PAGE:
Steve, on the other hand, does seem to know what he wants, and knows it’s not here. He cares very much for Laurie, but wants to be set free to experience the world, something that Laurie resists strongly. After all, they’ve been together for a long time and seem like a perfect couple. Their break-up in the middle of the film is a real break in Steve’s life, causing him to reevaluate everything he thinks he wants and needs.
John feels stuck in the town, but doesn’t really seem to consciously want anything more. At least, on the surface, he appears to be content, but there is a sense of ennui in him that runs pretty deep. He cruises the strip and, after offering an invitation to a car full of girls, ends up cruising with the 12-year-old sister of someone else. Carol (Mackenzie Phillips) is at first a nuisance, but eventually, John comes to feel about her like a little sister. Also, since John is the equivalent of the fastest gun, he’s being pursued by another drag racer (Harrison Ford) through the town.
And then there’s Terry, a sort of loveable loser. Terry the Toad is essentially the group’s Ringo. Steve, who is going to college, gives Terry the use of his car, and Terry uses this to pick up Debbie (Candy Clark), and has a series of misadventures with her. All Terry wants is a girl to like him, and will go to any length to convince a girl that he’s worth being with.
And really, that’s the whole movie. Each of the four storylines bounce into each other, and the film is essentially told in order, switching between the four characters throughout as they go through this final evening. In their own way, each of them grows up. Curt discovers that he needs to let go, Steve finds what he wants out of his life, and Terry realizes that he’s not necessarily the loser he thought he was. And then there’s John, who seems to come away from the night with the realization that he won’t always be the fastest gunslinger behind the wheel and needs to discover something to do.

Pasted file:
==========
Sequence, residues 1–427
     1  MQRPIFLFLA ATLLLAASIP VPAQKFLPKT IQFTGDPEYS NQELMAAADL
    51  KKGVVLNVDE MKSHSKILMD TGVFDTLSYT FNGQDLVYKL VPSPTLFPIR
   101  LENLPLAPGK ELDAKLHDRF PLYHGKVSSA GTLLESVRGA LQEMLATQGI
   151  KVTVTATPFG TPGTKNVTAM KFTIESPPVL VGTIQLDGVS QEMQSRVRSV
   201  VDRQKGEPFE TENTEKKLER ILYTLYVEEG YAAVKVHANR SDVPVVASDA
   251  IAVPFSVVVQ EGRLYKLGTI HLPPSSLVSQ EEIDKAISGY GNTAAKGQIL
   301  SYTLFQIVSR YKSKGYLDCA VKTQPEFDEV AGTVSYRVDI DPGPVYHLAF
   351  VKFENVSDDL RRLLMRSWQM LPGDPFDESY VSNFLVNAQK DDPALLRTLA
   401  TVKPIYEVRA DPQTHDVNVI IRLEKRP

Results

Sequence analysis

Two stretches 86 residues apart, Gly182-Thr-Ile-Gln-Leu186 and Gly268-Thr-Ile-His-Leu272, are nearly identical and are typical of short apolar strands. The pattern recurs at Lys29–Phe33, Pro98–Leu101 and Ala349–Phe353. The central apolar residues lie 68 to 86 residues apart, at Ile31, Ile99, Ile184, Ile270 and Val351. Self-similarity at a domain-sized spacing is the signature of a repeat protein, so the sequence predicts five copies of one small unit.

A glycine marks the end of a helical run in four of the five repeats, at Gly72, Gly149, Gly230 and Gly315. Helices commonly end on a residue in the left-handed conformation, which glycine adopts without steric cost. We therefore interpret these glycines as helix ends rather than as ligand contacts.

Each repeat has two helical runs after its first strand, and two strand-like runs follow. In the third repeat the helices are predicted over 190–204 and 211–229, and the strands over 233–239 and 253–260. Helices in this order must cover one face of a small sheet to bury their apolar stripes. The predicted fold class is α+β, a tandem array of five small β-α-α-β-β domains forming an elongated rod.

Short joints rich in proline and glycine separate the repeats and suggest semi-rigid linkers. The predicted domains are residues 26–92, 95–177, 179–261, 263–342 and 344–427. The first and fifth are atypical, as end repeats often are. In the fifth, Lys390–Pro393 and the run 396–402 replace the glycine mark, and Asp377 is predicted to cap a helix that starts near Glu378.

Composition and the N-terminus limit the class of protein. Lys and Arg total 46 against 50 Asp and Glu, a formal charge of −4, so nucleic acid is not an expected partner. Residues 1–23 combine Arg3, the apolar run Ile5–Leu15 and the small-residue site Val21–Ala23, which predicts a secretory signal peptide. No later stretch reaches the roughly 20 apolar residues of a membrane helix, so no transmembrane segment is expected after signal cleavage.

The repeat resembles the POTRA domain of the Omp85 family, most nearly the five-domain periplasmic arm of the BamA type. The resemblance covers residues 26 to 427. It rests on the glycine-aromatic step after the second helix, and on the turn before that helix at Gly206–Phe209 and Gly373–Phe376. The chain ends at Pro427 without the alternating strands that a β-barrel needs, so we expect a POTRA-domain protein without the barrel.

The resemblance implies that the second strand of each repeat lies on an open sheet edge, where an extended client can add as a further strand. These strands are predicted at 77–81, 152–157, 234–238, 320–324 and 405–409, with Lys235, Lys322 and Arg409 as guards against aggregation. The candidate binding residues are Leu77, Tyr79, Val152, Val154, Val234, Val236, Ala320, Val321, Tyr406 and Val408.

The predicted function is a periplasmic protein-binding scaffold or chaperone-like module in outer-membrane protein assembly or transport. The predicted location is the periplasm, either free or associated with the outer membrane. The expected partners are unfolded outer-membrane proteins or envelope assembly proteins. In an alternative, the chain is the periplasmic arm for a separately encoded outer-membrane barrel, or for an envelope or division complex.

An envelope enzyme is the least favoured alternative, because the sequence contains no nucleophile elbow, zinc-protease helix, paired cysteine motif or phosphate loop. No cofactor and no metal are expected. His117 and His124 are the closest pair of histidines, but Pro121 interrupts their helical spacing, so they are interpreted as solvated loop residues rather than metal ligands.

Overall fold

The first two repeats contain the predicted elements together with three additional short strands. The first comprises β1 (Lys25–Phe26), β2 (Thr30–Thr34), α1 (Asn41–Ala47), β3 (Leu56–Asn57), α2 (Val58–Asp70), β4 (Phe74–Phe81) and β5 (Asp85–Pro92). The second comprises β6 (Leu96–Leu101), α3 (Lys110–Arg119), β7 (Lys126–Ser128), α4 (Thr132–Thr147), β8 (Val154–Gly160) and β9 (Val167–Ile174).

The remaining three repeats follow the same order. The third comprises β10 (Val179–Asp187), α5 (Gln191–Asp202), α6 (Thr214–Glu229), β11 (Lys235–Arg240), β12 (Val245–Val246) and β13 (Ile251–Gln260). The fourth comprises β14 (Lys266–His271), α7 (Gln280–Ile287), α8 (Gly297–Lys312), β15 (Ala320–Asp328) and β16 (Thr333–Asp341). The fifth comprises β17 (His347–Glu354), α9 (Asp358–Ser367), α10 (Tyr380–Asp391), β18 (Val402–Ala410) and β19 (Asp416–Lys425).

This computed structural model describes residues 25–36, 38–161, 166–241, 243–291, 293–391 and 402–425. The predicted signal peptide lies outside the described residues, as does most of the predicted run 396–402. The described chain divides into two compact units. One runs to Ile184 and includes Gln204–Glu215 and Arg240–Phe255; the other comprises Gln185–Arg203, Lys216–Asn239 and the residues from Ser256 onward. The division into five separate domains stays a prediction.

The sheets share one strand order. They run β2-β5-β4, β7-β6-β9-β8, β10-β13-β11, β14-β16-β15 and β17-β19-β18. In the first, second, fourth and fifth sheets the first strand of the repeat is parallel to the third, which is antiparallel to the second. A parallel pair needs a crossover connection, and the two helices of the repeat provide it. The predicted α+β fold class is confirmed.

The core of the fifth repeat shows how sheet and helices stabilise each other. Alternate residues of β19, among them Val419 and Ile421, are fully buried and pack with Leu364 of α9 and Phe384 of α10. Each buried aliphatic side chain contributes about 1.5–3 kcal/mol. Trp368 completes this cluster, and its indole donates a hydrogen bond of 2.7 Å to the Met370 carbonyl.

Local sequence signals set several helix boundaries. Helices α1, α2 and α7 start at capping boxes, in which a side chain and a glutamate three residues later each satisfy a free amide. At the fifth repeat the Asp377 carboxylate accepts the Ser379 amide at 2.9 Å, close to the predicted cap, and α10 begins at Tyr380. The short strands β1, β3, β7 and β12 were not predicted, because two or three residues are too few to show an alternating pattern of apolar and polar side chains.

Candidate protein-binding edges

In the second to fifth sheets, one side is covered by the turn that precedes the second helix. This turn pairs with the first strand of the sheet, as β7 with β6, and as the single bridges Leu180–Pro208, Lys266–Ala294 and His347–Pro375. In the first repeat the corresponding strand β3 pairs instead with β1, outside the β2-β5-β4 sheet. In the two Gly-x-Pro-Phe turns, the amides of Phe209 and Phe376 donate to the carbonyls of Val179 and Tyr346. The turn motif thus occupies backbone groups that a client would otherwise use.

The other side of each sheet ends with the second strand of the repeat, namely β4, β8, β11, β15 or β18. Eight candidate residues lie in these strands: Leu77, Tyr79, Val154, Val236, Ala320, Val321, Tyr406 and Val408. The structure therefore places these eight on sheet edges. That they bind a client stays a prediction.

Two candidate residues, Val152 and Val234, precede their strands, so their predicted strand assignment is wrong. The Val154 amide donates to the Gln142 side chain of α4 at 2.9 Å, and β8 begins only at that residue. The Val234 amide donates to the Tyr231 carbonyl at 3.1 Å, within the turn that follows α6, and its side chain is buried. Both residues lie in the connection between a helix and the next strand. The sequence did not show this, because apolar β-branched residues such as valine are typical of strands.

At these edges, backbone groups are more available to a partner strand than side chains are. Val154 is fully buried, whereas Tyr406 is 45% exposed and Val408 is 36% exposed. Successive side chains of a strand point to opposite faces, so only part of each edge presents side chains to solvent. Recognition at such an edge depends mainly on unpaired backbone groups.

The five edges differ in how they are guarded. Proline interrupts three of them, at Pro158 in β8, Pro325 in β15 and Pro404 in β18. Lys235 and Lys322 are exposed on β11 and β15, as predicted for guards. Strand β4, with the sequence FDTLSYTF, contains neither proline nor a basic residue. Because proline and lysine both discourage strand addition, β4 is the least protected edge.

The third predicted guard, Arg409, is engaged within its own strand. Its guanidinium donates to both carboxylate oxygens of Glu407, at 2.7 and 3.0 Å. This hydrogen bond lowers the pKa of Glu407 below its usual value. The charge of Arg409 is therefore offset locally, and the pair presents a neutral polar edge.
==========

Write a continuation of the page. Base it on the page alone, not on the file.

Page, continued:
All of this is great. American Graffiti is charming and fun and wildly entertaining. And then there’s the final moment of the film before the credits roll, and we learn about the lives of these four guys after this night. That makes sense with a film like this, and while I’ve seen this film before, it had been a long time and I had forgotten this was there. And these “whatever happened to” bios were ridiculously depressing. It was a huge downer after such a sweet and tender film.
It’s good. Surprise, surprise, it actually had some pretty decent dialogue, which has always been the Achilles heel of George Lucas. Just be warned that when you see the shot of the airplane flying off into the big blue, you may want to stop the film and consider that the end.
Incidentally, you can almost certainly cite this film as the source of the television show Happy Days, and thus Laverne and Shirley as well as the casting of Ron Howard in the first and Cindy Williams in the second. Who knew Richie Cunningham and Shirley Feeney went steady?
Why to watch American Graffiti: Nostalgia done the way it should be.
Why not to watch: The “what happened to” graphics are a let-down.